Tuesday, August 12

How Free Thinking Are We About Religion, God And Lap-Dancers

Man and Robot shaking hands

It seems to be a popular theory that theism and religion can be found in every culture. I'm not sure if this is strictly true as I have read, for example, that the Pirahã people of the Amazon have no concept of a supreme spirit or god. But in saying that, some do wear necklaces which are said to ward off spirits.

The anthropologist Daniel Everett wrote of his visit to the Pirahã, "The Pirahas have shown me that there is dignity and deep satisfaction in facing life and death without the comforts of heaven or the fear of hell, and of sailing towards the great abyss with a smile."

What got me thinking about this were some 'tests' mentioned in Ben Ambridge's book Psy-Q: Test Your Psychological Intelligence. One of his tests was for atheists.

He writes, "Are you an atheist? If so, then presumably you will have no problem reading aloud the following statements:"

'I dare God to paralyse my mother.'
'I dare God to make me die of cancer.'
'I dare God to make me be in a car crash.'

He then asked, "Can you do it? It's pretty uncomfortable isn't it?"

But why should it be uncomfortable if you do not believe in a God?

Ambridge then tells of a 'study conducted at the University of Helsinki' which wired participants up to a machine that measures sweat, and discovered that atheists find saying these statements just as stressful as religious people do.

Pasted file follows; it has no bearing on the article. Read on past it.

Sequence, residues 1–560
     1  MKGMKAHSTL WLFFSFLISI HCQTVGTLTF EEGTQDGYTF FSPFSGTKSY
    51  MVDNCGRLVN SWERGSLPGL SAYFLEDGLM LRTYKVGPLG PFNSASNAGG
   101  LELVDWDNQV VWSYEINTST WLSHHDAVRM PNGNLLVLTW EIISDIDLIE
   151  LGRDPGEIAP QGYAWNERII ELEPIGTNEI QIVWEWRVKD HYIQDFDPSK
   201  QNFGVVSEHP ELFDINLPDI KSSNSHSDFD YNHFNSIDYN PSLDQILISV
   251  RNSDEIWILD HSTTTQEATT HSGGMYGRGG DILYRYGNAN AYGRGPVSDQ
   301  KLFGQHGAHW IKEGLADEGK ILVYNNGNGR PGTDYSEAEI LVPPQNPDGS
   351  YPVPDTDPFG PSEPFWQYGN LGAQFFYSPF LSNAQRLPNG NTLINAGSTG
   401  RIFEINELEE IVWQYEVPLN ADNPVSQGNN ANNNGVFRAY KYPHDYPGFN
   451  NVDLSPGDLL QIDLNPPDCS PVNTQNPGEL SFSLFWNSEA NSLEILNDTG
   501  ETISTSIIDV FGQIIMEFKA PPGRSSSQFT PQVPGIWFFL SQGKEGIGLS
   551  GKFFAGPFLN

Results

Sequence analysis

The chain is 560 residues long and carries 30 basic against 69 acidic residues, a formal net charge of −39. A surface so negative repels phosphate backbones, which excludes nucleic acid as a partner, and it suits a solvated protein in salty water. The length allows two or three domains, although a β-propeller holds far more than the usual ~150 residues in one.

But if atheists were asked to substitute the word 'mother' instead of 'God' into the statements they do not undergo nearly so much stress. Ambridge, therefore asks, perhaps a little tongue in cheek, "Does this mean they are closet believers?"

He goes on to conclude that the likes of Dawkins and co are not fibbing when they say they are atheists, but rather that 21st century rationality cannot in a few decades overcome instincts that have evolved in mankind over many, many thousands of years.

In other words, some 'things' are inbuilt within us.

Okay, in his book Ambridge may sometimes be on shaky ground with his comments. Going off on a complete tangent though here's another example which may illustrate how we aren't that superior to other animals, as we share similar biology or instincts. Take lap dancers, for instance!

A study of lap-dancing clubs in Albuquerque, New Mexico, revealed that lap-dancers earn an average of $335 in tips from male punters in the most fertile phase of their menstrual cycle, compared with just $185 during their menstrual phase. It's that inbuilt instinct again.

Religion and God to lap-dancers is a fair old leap but it makes you wonder how much we are in control of our overall beliefs, thoughts and actions. Atheists, though, would probably argue that they have made some headway towards free thinking ...

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  1. I think it is because no matter what, nobody can prove the other either right or wrong...

  2. Suzie15:30

    I'm not sure what to say, I don't see atheists as being free thinkers but, as you often do, you have got me thinking.

  3. Fascinating post. From religion to god to lap dancers...!